Thor the Thunderbird

Unlike most birds, Thor the Thunderbird has withstood the test of time. The SUU student body became the Thunderbirds in 1961. However, it took SUU a few years and a couple of mascots to settle on having an avian representation of the God of Thunder as a mascot.

The institution known as SUU originally started out as the University of Utah’s Branch Normal School with no mascot. In 1931 it became the Branch Agricultural School (BAC) under the Utah Agricultural College in Logan, which is now known as Utah State University. That means SUU students were Aggies for 14 years.

In 1946, SUU tried a different change of pace and became the BAC Broncos; but SUU students weren’t born to run, they were born to fly.

After being the BAC Broncos for five years, SUU became the Thunderbirds in 1951.

Fifty-six years later, Thor the Thunderbird is still as prevalent as ever, but there is still somewhat of a mystery around the way Thor received his current name.

“I know that the name Thor is pretty recent, maybe when the new logo was coined, but I know it became really popular when President Benson started using the name Thor for our athletic mark,” Creative Director for SUU Athletics Joey DeGraaf said. “I think we were calling the actual mascot Thor before that point though.”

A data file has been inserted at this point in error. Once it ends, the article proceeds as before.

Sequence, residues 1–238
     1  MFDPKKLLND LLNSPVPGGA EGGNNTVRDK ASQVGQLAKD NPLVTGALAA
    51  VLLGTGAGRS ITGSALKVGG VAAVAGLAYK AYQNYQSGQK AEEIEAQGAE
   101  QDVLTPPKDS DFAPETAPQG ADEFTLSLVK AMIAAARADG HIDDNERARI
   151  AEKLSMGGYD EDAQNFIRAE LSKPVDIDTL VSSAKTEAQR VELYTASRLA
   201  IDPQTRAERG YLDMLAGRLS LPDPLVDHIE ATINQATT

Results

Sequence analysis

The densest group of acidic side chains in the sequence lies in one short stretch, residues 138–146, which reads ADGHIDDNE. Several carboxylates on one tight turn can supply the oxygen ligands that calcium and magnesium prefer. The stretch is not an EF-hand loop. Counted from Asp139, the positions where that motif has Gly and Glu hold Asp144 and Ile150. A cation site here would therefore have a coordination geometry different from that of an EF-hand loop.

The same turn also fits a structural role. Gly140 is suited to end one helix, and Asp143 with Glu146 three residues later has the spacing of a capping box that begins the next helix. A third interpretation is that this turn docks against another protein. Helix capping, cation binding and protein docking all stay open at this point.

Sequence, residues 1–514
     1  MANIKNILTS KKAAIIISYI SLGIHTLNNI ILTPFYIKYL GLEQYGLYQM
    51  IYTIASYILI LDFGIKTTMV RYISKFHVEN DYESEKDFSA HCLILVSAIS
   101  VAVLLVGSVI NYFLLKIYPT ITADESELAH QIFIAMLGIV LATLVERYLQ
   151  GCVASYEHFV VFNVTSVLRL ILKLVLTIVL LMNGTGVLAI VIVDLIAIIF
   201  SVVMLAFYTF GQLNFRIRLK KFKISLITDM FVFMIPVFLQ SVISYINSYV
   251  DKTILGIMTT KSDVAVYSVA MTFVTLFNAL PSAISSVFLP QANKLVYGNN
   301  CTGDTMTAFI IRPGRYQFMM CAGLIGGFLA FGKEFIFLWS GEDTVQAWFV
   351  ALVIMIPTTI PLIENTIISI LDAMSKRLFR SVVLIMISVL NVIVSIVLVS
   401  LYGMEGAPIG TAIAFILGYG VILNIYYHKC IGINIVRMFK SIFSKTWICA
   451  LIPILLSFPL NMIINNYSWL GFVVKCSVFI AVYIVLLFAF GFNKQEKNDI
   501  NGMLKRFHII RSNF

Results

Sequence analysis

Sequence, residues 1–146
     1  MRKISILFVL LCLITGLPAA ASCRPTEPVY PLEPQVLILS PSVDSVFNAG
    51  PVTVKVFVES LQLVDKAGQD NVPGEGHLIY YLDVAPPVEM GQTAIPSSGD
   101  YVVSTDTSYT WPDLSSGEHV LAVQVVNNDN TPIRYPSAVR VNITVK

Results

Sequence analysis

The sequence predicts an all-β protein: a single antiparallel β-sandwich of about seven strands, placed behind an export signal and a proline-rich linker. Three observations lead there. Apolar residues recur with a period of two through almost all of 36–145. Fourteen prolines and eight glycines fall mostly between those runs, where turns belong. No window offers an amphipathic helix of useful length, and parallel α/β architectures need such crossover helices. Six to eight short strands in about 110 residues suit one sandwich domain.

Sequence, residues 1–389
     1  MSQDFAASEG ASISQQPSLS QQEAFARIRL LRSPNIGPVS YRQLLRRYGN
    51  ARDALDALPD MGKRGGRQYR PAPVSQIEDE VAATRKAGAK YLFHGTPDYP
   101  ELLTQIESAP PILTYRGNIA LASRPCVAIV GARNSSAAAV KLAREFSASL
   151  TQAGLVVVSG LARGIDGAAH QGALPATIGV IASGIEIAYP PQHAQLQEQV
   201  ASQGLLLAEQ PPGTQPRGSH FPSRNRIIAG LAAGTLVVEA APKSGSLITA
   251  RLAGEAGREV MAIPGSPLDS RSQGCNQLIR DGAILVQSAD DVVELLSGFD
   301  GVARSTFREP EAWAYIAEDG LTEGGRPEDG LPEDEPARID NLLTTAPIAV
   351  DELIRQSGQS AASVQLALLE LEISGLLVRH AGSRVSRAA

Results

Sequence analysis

Director of Alumni and Community Relations Ron Cardon mentioned that Larry Baker found evidence of a mascot costume in 1987 which suggested the name Thor might have been around since then.

Although the origin of Thor is still up for debate, Degraff stated that there have been four to six mascots since 2000 to represent Thor.

The current Thor has been in his position since May.

“One of my favorite things [about being Thor is] at football games … when someone comes up to me and they get really excited and say, ‘Hey I was Thor back in the day,’” said the current Thor. “It’s kind of cool because it’s [almost] like this brotherhood. You instantly have that connection … Not a whole lot of people know what it is like to be Thor, so it’s fun to be a part of the legacy.”

No matter what the history of Thor is, or how he got his name, students and alumni can agree that seeing Thor is one of the highlights of any athletic event. Everything from giving him a high five or watching him shake his tail feathers during the halftime show makes these events even more memorable.

Even though the person behind the Thor mask may come and go, the legend of Thor the Thunderbird will continue throughout the ages. But who is the man behind the mask? What is it like for him to be with the crowds and silently cheer on the team? Find out in the next edition of the University Journal.

Story By
Cassidy Harmon
accent@suunews.com

Featured Photo By
Carlee Jo Blumenthal
opinion@suunews.com

Additional Photography Courtesy of Joey DeGraaf

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